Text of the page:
From Josiah Johnson
Decr 20th 1769.
It is with great Pleasure I sit down to inform you, that it is ⟨now⟩ in my Power to contribute my little Mite of Service to one of the gallant ⟨De⟩fenders of their Country. Nor shou’d I (however cautious it may be necessary to be in general) have ⟨hesita⟩ted a Moment to have given my hearty Assent, when you first did me the Honor of applying to me on the Subject of appointing Mr Crawford Surveyor of the 200,000 Acres specified,1 had I not been apprehensive, that it might interfere with a prior Engagement I lay under to Mr May.2 While this Doubt subsisted, Col. Washington wou’d, I am confident, have condemned me, if I had entered upon a new Resolution; but it is now totally removed, & he may depend upon my Concurrence. I am Sr with great Respect, Your very humble Servant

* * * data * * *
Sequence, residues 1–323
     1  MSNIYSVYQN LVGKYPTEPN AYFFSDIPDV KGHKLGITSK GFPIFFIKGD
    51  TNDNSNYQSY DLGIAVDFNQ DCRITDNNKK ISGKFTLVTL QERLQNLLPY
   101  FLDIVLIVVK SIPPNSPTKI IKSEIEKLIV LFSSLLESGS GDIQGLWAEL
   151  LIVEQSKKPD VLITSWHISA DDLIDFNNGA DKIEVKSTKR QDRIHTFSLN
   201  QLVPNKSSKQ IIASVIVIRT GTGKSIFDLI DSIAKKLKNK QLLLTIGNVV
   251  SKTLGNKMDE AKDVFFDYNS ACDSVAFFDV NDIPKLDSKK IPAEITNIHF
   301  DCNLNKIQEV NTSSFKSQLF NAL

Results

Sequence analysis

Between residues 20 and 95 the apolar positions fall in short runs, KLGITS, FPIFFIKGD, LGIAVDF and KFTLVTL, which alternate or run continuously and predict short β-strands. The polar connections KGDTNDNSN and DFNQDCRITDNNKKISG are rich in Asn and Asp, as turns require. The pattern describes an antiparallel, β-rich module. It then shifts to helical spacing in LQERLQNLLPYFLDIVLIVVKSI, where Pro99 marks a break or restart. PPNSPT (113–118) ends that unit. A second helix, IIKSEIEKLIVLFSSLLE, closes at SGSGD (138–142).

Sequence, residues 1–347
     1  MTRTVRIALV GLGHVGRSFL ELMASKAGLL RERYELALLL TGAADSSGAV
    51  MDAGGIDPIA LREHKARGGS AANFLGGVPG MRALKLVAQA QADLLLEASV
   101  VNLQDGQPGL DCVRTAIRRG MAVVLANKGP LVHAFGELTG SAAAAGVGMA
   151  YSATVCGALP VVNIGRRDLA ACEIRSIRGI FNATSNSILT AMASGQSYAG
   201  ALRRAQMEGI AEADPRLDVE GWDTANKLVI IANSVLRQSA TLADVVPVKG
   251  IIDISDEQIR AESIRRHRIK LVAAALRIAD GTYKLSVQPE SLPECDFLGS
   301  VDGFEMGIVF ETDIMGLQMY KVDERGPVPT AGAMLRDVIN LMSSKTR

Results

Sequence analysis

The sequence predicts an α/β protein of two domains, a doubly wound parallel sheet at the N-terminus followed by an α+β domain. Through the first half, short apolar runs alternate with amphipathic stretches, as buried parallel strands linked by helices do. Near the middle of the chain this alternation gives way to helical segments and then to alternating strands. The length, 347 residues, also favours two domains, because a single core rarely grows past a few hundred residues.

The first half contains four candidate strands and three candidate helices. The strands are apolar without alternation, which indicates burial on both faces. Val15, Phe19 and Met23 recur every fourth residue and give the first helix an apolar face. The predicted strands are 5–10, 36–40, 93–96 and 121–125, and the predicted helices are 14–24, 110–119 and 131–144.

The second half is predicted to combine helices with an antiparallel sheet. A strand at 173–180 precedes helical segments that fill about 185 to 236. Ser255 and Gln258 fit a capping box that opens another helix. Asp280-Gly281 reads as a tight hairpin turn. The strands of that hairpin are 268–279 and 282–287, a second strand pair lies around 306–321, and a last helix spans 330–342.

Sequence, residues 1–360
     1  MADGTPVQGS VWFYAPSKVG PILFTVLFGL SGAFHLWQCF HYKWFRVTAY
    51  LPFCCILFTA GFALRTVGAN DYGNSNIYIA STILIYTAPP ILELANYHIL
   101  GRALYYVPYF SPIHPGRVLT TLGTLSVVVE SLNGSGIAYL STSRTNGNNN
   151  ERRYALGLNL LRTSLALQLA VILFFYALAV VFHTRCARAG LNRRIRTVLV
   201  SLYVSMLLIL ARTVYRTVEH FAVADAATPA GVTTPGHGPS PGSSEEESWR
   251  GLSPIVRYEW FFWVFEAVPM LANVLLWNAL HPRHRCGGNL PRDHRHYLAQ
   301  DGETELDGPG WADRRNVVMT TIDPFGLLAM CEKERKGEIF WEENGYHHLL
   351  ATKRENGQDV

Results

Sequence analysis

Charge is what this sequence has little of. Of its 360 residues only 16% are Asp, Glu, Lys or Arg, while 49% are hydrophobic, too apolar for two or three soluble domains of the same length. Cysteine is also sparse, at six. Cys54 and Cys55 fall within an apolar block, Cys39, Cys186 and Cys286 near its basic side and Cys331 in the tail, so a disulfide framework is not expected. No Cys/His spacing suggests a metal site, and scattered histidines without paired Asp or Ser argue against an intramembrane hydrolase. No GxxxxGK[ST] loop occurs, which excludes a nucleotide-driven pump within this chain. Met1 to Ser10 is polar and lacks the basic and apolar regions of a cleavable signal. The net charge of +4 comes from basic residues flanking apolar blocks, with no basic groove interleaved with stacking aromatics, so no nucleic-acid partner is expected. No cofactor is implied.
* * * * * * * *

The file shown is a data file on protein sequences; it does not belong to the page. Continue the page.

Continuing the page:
ALS, DLC:GW. Words in angle brackets are taken from Hamilton, Letters to Washington description begins Stanislaus Murray Hamilton, ed. Letters to Washington and Accompanying Papers. 5 vols. Boston and New York, 1898–1902. description ends , 3:366–67.
The Rev. Josiah Johnson was at this time master of the grammar school in the College of William and Mary. He became rector of Bruton Parish Church in Williamsburg on 30 July 1772 after the death of James Horrocks. Johnson himself died eight months later.
2. Johnson is referring either to John May, who became the first clerk of Botetourt County, formed from part of Augusta County during the session of the assembly ending this day, or to one of John May’s brothers—David, Richard, George, or William—all of whom were, or became, surveyors.